Keep in mind that third-party websites like Zillow and Trulia (which merged as of 2015 yet still maintain separate websites), and Realtor.com are for-profit businesses that have their own business models that absolutely include selling advertising space to real estate agents so that when a buyer requests more information on a home in a particular zip code, the agent paying for advertising in that zip code will be sent that inquiry directly, bypassing the listing brokerage altogether.
Historically, Zillow and Trulia facilitated interested buyers or renters to contact up to four (4) agents about a single property listing, only one (1) of those four (4) being the listing broker, and, when submitting a contact request form it did not default a buyer to contacting the listing broker. More recently, Zillow uses a single “contact agent” button and completely hides to whom a buyer’s contact request will be sent – undoubtedly, that contact request (which is a “hot lead” in the eyes of Zillow) is being sold to multiple real estate agents on the back-end of Zillow systems.
While Realtor.com denotes a property listing is presented and brokered by the listing brokerage, Realtor.com’s business model is to present a single option to get more information about a property, so an interested buyer or renter will use a form to request information from an unknown source – a broker or agent that pays Realtor.com for advertising, not the listing broker, will receive that inquiry every single time.
Similar to the MLS itself, third-party websites do not allow contact information of any kind in their public descriptions. Zillow goes so far as to have a long list of “stop words”, that if triggered, removes the public description provided by the MLS and defaults to a generic system-generated description.
With that said, we strive to maximize the use of both your contact information where it’s allowed to be placed, as well as that of the listing brokerage, and, have put together an automated system so that we can transparently and promptly facilitate you establishing direct contact with buyers and renters and/or their agents when they contact us directly, and eliminate creating a bottleneck with us as a communication middleman.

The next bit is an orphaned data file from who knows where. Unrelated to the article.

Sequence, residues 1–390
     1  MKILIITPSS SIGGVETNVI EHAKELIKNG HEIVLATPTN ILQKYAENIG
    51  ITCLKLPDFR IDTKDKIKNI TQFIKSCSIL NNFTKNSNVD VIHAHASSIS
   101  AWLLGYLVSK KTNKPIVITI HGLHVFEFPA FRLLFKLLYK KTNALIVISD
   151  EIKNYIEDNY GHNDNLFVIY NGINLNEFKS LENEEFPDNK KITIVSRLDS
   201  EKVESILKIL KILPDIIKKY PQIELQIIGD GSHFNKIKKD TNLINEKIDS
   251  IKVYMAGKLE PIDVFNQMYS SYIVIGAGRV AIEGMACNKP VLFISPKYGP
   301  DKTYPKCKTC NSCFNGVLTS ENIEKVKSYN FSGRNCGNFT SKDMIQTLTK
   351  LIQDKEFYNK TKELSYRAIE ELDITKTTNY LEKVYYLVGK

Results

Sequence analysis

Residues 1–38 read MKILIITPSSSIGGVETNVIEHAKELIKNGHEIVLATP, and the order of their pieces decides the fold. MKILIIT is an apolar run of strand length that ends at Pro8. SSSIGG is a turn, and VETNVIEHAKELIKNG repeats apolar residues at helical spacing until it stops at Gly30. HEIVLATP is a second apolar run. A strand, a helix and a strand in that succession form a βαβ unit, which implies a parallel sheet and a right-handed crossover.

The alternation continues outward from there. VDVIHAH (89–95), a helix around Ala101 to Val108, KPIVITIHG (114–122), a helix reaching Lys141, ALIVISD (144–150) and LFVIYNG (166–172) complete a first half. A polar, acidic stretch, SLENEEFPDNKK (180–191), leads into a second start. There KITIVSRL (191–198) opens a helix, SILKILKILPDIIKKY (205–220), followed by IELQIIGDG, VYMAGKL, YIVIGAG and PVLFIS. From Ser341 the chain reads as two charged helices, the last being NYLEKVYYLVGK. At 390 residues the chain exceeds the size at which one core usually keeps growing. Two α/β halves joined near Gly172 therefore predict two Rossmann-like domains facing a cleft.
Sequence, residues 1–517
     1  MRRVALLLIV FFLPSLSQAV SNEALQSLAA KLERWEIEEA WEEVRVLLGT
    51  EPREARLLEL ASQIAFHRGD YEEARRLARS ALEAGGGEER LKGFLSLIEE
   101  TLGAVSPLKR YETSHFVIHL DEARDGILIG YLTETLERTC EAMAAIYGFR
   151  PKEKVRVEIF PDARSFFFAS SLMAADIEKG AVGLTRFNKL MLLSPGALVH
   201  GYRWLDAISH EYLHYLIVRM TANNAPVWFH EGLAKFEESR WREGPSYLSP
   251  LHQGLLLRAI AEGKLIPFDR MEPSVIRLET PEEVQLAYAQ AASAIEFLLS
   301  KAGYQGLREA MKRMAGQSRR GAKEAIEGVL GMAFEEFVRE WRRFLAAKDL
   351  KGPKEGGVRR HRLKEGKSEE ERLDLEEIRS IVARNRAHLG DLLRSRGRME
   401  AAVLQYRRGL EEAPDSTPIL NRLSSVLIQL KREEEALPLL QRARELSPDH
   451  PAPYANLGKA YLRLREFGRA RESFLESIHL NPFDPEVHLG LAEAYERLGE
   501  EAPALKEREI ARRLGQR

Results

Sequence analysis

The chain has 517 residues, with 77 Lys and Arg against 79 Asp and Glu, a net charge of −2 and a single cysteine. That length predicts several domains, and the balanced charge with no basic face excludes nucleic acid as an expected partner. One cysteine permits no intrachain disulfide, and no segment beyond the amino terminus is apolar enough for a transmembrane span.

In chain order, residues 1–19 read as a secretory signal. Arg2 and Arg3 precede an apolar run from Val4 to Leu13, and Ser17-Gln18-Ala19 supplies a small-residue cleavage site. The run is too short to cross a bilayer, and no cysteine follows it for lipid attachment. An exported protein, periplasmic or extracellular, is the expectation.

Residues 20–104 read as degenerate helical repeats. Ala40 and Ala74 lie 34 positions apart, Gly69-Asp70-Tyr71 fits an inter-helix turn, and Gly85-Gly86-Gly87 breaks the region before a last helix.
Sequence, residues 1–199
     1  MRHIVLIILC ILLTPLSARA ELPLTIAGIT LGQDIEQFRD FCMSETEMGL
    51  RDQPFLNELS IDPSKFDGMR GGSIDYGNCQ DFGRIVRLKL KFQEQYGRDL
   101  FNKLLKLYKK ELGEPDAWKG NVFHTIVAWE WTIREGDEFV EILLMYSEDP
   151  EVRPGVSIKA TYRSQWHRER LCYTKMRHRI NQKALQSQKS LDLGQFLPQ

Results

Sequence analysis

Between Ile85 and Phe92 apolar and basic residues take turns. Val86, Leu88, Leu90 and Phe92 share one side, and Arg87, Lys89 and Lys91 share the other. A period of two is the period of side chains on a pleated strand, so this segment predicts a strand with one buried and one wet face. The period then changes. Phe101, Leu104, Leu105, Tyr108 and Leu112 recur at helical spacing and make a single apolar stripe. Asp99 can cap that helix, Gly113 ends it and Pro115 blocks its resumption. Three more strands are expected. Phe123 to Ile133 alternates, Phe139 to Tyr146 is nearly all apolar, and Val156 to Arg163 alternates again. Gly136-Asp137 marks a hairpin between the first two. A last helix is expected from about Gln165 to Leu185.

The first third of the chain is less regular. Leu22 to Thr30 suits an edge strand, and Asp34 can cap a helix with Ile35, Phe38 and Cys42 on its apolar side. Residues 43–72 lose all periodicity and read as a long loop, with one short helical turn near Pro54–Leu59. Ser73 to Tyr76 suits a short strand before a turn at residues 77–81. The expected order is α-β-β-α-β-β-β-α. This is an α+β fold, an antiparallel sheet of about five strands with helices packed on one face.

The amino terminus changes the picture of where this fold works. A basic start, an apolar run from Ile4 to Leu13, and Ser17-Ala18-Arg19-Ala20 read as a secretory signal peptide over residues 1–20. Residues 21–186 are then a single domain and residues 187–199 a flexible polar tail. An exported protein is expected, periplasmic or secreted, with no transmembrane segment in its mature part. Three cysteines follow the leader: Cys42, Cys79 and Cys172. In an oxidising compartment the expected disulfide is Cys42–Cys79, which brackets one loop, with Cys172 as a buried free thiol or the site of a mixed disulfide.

Many interested parties will contact us via email or phone about your listing, and taking the above into consideration, we’ve constructed a communication system that explicitly directs interested parties to stuartstjames.com/listings, which ultimately facilitates an interested party establishing direct contact with you. Said differently, instead of us emailing or calling you about an inquiry we receive on your listing, which is inherently slow and prone to human error, the automated system we built will give the interested party who contacts us the ability to obtain your contact information and quickly connect with you directly.
Given the business models of third-party websites like Realtor.com, Zillow, Trulia, and others, clearly not all inquiries originating from these sites will come to us as the listing brokerage, some inquiries will indeed go to Buyer’s Agents that pay for advertising with those third-party websites – while we do everything possible within the rules and regulations of the MLS to facilitate a connection with the FSBO, the reality is these third-party websites have an agenda more aligned with generating ad revenue than helping FSBOs eliminate Buyer’s Agents from transactions.
For more information on this topic, please see: